What are the other Names for this Condition? (Also known as/Synonyms)
- Aspergilloma of Lung
- Fungus Ball due to Aspergillus
What is Pulmonary Aspergilloma? (Definition/Background Information)
- Pulmonary Aspergilloma is a form of fungal infection in which a fungal ball develops in the lung cavities. Typically, older males tend to be affected the most by this infection
- The cause of Pulmonary Aspergilloma is due to a fungus called Aspergillus. A major risk factor for infection is having certain underlying lung conditions, such as asthma or cystic fibrosis, and a weakened immune system
- Most individuals with Pulmonary Aspergilloma do not show any significant symptoms, meaning they tend to be asymptomatic. In others, chest pain, unintended weight loss, and blood in cough may be seen
- A possible complication of Pulmonary Aspergilloma is the spread of infection away from the lungs and lung bleeding (pulmonary hemorrhage), which can be dangerous
- Pulmonary Aspergilloma tend to generally subside on its own most of the time; but, an individual may be prescribed antifungal medication, if the infection is severe
- The prognosis of individuals with Pulmonary Aspergilloma mainly depends on the presence or absence of an underlying condition. In many individuals, the prognosis is typically good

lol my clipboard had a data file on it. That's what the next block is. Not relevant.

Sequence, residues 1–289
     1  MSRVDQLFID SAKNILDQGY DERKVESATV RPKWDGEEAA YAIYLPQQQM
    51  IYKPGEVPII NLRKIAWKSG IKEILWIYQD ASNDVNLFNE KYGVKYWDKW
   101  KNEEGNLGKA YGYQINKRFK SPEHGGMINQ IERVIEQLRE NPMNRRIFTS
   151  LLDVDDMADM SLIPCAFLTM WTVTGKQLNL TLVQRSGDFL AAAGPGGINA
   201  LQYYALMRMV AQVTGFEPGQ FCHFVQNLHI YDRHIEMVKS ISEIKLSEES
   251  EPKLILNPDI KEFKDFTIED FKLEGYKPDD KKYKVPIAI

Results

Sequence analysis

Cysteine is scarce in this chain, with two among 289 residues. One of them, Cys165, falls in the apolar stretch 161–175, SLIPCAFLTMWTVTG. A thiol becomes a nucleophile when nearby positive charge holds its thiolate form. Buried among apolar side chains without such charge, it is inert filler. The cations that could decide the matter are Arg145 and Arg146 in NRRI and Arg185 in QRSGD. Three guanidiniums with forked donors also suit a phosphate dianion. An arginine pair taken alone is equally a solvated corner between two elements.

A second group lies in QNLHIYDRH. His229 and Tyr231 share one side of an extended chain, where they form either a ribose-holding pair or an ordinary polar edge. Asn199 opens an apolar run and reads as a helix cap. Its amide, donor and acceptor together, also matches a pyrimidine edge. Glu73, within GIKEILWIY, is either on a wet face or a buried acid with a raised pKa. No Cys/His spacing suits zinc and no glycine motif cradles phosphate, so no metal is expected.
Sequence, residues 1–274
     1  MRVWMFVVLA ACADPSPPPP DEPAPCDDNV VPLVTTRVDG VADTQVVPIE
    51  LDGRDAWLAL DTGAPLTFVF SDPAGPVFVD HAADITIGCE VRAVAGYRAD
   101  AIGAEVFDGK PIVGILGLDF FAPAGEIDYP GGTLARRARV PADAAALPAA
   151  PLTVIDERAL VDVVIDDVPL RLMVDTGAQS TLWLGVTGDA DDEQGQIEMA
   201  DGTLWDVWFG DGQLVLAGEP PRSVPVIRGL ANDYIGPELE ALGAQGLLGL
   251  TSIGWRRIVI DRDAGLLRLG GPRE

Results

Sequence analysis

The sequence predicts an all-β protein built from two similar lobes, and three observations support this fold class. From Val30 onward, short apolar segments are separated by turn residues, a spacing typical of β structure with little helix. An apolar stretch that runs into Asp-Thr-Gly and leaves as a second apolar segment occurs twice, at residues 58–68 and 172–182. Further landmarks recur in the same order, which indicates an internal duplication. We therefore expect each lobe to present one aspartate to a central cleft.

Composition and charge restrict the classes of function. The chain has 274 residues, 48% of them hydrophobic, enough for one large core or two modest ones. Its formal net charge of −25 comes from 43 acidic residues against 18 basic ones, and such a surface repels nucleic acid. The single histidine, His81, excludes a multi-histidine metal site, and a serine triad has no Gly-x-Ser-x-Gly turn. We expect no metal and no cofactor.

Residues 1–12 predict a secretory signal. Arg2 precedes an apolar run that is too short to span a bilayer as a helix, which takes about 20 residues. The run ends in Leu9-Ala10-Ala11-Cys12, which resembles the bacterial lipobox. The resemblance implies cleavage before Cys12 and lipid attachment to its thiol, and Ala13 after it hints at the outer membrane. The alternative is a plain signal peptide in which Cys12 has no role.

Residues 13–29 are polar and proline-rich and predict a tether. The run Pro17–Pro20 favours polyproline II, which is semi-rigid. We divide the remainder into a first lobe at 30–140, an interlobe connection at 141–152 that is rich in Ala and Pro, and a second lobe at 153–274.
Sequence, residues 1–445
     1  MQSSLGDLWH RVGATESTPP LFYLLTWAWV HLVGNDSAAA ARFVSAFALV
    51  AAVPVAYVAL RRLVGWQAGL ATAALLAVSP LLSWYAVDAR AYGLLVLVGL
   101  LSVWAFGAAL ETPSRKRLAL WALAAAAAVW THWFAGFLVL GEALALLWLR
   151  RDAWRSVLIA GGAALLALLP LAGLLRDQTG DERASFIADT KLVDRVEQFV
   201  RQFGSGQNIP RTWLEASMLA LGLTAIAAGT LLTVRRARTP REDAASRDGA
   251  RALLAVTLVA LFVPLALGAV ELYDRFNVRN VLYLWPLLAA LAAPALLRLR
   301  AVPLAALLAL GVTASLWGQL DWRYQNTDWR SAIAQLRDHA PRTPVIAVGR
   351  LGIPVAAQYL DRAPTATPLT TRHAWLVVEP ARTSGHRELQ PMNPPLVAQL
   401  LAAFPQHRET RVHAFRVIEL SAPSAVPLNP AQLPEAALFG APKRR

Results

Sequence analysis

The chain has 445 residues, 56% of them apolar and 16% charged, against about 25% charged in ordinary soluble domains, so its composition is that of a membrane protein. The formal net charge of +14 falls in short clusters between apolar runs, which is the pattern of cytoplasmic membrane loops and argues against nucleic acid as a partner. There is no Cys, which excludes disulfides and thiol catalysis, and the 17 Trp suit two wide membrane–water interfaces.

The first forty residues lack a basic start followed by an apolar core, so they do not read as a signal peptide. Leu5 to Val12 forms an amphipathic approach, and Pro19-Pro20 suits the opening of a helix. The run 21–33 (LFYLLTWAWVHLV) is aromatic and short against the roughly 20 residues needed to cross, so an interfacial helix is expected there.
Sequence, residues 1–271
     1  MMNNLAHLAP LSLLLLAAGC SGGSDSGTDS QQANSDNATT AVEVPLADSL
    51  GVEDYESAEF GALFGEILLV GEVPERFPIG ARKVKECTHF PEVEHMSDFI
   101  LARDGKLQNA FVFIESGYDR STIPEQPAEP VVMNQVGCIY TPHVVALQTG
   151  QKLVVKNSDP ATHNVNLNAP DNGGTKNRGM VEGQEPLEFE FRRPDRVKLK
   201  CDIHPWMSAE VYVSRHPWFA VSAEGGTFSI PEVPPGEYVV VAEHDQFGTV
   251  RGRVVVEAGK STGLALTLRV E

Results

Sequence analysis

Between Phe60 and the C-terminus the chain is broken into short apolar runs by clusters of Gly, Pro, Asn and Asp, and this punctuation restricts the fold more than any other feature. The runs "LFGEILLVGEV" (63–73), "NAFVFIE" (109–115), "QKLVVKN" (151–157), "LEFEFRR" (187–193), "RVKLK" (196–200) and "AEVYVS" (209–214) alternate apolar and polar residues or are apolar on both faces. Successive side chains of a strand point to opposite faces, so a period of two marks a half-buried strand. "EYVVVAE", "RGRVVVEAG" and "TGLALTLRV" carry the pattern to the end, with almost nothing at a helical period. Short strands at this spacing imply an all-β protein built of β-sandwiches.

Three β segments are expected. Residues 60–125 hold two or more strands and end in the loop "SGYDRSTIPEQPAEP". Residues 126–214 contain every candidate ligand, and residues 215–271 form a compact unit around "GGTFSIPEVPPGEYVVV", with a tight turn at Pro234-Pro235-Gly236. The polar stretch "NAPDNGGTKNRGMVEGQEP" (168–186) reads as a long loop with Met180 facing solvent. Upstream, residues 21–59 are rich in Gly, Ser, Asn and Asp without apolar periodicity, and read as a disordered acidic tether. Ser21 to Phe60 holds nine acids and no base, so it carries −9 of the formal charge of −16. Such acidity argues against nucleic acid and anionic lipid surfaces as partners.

- The best way to prevent Pulmonary Aspergilloma is to avoid areas where the fungi grows and thrives, such as decaying vegetation piles
Who gets Pulmonary Aspergilloma? (Age and Sex Distribution)
- Pulmonary Aspergilloma typically affects individuals between 50 and 60 years old
- Both genders are affected, although a predilection for males is noted
- All races and ethnic groups can be affected
What are the Risk Factors for Pulmonary Aspergilloma? (Predisposing Factors)
Individuals with the following risk factors have an increased chance for Pulmonary Aspergilloma:
- Individuals with certain underlying lung conditions are at increased risk. These include:
- Cystic fibrosis
- Lung abscess
- Lung cancer
- Individuals with weakened immune systems such as:
- HIV-positive individuals
- Individuals on long-term corticosteroids
It is important to note that having a risk factor does not mean that one will get the condition. A risk factor increases one's chances of getting a condition compared to an individual without the risk factors. Some risk factors are more important than others.
Also, not having a risk factor does not mean that an individual will not get the condition. It is always important to discuss the effect of risk factors with your healthcare provider.
What are the Causes of Pulmonary Aspergilloma? (Etiology)
Pulmonary Aspergilloma is caused by a fungus called Aspergillus.
- It is formed when the fungus grows in a lung cavity, but does not invade the surrounding lung tissue
- The most common type of fungus causing Pulmonary Aspergilloma is Aspergillus fumigatus
What are the Signs and Symptoms of Pulmonary Aspergilloma?
Most individuals affected by Pulmonary Aspergilloma may not show any symptoms of the disease. It may be diagnosed incidentally while performing imaging studies for other conditions. Some individuals may show the following signs and symptoms:
- Chest pain
- Cough with or without any sputum (phlegm)
- Blood in cough
- Unintentional weight loss